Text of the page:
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McALPINE v. BAUMGARTNER et al.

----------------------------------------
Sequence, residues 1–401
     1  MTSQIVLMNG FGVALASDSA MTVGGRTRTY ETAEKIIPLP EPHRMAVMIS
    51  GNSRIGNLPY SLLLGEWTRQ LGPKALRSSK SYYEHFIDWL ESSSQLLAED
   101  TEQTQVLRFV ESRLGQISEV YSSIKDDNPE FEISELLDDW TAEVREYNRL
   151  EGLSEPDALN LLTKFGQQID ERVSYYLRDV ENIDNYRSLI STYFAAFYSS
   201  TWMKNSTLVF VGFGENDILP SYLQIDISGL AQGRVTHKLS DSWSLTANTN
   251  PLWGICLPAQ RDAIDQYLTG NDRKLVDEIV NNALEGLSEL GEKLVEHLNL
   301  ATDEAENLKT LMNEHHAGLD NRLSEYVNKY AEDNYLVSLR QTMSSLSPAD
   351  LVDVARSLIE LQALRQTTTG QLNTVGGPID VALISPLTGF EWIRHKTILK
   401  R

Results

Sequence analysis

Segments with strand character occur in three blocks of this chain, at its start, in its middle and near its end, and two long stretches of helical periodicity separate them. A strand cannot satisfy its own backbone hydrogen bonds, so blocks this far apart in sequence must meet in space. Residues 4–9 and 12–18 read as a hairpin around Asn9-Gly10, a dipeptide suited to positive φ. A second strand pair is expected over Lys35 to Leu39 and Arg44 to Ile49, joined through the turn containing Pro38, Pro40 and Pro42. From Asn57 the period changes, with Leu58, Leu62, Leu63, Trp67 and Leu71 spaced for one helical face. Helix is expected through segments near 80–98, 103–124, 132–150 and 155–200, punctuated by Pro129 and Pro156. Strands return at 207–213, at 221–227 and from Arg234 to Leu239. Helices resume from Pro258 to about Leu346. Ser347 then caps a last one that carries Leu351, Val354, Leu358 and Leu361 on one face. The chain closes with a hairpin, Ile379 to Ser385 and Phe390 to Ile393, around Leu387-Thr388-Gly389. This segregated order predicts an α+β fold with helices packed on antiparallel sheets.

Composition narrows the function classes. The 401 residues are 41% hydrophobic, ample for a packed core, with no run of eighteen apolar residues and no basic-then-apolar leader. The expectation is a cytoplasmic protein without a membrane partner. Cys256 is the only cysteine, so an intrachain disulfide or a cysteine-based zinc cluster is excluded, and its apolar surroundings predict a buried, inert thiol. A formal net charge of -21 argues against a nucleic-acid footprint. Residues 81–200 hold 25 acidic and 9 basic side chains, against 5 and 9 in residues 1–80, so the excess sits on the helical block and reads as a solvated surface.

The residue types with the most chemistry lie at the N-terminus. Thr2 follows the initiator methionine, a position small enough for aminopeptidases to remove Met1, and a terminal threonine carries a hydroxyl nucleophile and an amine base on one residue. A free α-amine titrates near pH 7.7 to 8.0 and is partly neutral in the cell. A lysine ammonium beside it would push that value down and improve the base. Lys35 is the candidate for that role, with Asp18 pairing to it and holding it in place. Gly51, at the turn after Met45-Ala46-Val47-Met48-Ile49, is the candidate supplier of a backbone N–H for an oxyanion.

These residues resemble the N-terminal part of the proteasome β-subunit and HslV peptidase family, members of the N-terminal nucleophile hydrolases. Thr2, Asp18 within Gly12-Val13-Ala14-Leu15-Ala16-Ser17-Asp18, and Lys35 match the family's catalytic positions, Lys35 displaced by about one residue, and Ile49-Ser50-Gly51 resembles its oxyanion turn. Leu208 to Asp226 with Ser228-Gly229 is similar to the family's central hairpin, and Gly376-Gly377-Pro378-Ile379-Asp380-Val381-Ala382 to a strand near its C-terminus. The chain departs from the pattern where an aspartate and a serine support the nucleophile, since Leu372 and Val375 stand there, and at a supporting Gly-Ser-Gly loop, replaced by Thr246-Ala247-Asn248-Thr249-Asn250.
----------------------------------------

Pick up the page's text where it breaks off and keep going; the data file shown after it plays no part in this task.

From the record herein, the fact is disclosed that by the various provisions of article XXXIV, which includes sections 500 to 513, inclusive, of the charter of the city of Los Angeles, a retirement system for specified classes of employees of said city was created. Therein, after provision had been made to the effect that the management and control of said system should be vested in and intrusted to a ‘Board of Administration,’ and, in connection with the duties of said board, that annually it should prepare a budget, which, among other things, should show the financial necessities for the operation of the system for the ensuing year, by the provisions of section 506 of the charter, relating to the method by which such moneys were proposed to be made available for the purpose of carrying out the manifest intent of the system, it was provided as follows: ‘For the purpose of providing funds to meet the budget for said City Employees' Retirement Fund the Council or Controller shall annually levy, in addition to all other taxes levied by the City, a tax clearly sufficient to provide the total amount of all items in said budget; provided, however, that said City Council may appropriate from any available funds, all or any part of the total amount of all or any of the items in the budget for said City Employees' Retirement Fund, in which event the tax levy to be made for said fund shall be clearly sufficient to provide the difference between the amount so appropriated and the total amount of all items in said budget.’